The University of Missouri Health Care System announced in September its “refer and follow” privileges would be discontinued. This category of privileges had been granted to the doctor working with the Planned Parenthood clinic in Columbia, and had allowed the clinic to renew abortion services for the first time since 2012.  

Journal of Mental Pathology

There’s big change on the horizon for the public mental health safety net. The Excellence in Mental Health Act is being called the "biggest federal investment in mental health and addiction services in generations."

To discuss the changes, and to learn how Missouri’s mental health system has fared since federal funding was rolled back for Community Mental Health Centers, KBIA sat down with Brent McGinty, President and CEO of the Missouri Coalition for Community Behavioral Healthcare.


Daniela Vidal /KBIA

Nurse practitioners have been a part of Missouri’s health care scene for the past fifty years. The state has a shortage of primary care doctors, but state laws restrict nurse practitioners from filling that void.

Few nurse practitioners find a way to open their own practice with these restrictions in place, but Pat Bauer, who opened her practice in Wildwood, Missouri last May, found a way.

When she finished her schooling, Bauer applied to more than 30 jobs.  She heard back from just two.

One of the interviews particularly sticks out in Bauer’s mind. 

Rebecca Smith / KBIA

Imagine going to a doctor’s appointment and not knowing how to get to the office, not understanding the complicated health care system and not speaking the language of the health care provider you were seeing.

Well, this can be the case for many new refugees settling in the US, and one Columbia agency, Refugee and Immigration Services, has partnered with senior nursing students from the Sinclair School of Nursing for the past few years, to help bridge those gaps. The Health Navigation Program helps new refugees learn how to efficiently and effectively navigate the health care system.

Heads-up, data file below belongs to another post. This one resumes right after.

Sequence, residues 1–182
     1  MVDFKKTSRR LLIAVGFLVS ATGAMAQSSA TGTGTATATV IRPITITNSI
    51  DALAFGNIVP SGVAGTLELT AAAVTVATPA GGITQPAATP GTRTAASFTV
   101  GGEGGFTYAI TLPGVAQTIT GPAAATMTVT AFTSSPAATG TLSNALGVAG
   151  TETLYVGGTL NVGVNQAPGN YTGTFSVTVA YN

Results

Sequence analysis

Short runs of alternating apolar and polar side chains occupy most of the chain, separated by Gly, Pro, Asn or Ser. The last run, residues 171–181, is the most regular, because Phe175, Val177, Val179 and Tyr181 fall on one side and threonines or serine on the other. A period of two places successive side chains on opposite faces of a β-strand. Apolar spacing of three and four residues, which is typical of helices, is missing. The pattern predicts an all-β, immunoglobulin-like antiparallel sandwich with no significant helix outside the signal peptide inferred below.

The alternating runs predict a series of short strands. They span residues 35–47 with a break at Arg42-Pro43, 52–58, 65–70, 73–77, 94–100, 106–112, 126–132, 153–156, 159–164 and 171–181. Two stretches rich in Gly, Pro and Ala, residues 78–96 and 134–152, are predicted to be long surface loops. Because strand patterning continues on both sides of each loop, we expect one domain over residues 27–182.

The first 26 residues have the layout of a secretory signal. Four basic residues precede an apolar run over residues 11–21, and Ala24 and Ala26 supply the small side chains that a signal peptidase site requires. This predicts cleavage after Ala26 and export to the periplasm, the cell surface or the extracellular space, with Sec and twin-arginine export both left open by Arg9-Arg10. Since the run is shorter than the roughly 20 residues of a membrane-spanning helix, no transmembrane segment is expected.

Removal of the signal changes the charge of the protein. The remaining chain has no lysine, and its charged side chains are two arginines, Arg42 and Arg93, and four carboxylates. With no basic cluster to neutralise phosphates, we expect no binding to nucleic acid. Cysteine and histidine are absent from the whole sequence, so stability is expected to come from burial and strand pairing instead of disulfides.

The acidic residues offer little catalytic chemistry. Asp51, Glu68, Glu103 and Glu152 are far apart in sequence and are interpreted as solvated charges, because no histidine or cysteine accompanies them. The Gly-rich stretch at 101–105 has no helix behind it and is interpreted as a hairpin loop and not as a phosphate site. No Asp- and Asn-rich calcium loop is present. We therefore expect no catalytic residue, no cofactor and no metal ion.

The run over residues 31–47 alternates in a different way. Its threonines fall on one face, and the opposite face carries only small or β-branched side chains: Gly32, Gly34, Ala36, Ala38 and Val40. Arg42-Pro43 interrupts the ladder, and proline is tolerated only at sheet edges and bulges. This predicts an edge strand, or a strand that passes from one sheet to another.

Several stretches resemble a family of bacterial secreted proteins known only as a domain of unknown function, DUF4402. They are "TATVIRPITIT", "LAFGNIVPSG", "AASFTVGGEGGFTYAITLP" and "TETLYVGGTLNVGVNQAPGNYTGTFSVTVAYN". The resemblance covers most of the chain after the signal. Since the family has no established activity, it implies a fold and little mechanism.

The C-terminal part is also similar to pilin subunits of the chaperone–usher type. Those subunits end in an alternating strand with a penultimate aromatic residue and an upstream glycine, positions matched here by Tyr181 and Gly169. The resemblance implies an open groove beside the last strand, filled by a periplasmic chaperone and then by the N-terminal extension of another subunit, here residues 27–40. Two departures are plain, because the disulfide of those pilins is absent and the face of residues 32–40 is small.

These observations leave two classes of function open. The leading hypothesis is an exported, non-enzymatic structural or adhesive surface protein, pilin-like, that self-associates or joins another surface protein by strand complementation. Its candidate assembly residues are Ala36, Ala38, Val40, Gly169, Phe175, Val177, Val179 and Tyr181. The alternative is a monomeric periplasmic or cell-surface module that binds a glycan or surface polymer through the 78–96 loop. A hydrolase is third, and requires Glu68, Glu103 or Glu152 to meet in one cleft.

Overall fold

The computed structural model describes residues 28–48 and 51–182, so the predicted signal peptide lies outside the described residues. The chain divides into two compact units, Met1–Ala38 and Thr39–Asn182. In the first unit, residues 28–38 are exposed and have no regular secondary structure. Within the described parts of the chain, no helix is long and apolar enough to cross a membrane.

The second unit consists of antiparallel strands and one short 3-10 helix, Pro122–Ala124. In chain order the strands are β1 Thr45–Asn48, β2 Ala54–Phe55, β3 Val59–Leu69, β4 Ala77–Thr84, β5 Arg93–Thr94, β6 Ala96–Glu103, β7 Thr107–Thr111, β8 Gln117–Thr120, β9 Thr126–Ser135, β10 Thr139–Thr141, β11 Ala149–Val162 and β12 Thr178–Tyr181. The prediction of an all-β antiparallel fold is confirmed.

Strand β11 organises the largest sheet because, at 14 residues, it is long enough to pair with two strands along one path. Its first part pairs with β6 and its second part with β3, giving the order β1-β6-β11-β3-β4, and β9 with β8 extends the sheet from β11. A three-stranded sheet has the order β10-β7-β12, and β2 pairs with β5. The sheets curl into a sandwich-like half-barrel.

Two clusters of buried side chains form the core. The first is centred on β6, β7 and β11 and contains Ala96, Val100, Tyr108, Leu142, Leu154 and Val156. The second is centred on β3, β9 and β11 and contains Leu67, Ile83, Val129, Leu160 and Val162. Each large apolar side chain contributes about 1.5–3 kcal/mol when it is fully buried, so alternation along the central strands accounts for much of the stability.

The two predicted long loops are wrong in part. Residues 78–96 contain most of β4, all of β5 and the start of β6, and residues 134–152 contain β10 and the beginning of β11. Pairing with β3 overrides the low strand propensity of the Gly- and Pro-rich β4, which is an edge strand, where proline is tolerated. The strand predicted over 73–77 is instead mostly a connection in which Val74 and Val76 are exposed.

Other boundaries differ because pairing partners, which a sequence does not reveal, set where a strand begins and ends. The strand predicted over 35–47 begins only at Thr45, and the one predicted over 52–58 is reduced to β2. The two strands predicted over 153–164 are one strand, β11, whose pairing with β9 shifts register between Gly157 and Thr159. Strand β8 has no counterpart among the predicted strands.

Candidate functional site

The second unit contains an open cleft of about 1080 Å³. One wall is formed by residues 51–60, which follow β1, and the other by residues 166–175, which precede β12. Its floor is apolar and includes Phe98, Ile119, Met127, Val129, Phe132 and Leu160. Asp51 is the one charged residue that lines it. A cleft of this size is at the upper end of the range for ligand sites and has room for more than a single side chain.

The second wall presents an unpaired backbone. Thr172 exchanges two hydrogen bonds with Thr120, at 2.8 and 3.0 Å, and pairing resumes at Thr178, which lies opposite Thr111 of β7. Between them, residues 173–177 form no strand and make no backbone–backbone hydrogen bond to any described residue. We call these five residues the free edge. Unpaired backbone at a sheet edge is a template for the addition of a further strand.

Jared Wong / Flickr

Researchers from the University of Missouri released a study tying mental health to forgiveness in older adults. By analyzing data from the Religion, Aging and Health Survey, Associate Professor of Human Development of Family Science Christine Proulx found a significant difference between how forgiveness impacts men and women's mental health.


Rebecca Smith / KBIA

In rural communities, finding transportation to basic health care services can be difficult. So what if instead of making people come to health care – the health care came to them?

Well, the Mobile Mammography Van through Ellis Fischel Cancer Center is working to do just that - bringing preventative mammogram screenings to rural communities.


Missouri psychiatrist Joe Parks remembers working with a patient named Victoria.

For eight years he helped her with PTSD, manic depression and addiction, getting her into drug treatment, and back into school. And then, she died of a blood clot brought on by her poor physical health.

“Her behavioral health treatment had been a complete success,” Dr. Parks recalls. “She was stable, she wasn’t psychotic, she was clean and sober. But she was dead.”


Bram Sable-Smith / KBIA

Many Mexican migrant farmworkers are heading home at the end of apple picking season this October. Sixty-one year-old Maria Zavala is one of them.

For the past 18 years she’s made the 20-hour drive from her home in Waco, Texas to western Missouri to work in the apple orchards.  She's struggled with high blood pressure that entire time, and like most migrant farmworkers who don't speak English, she often wasn't aware of the health care options available to her.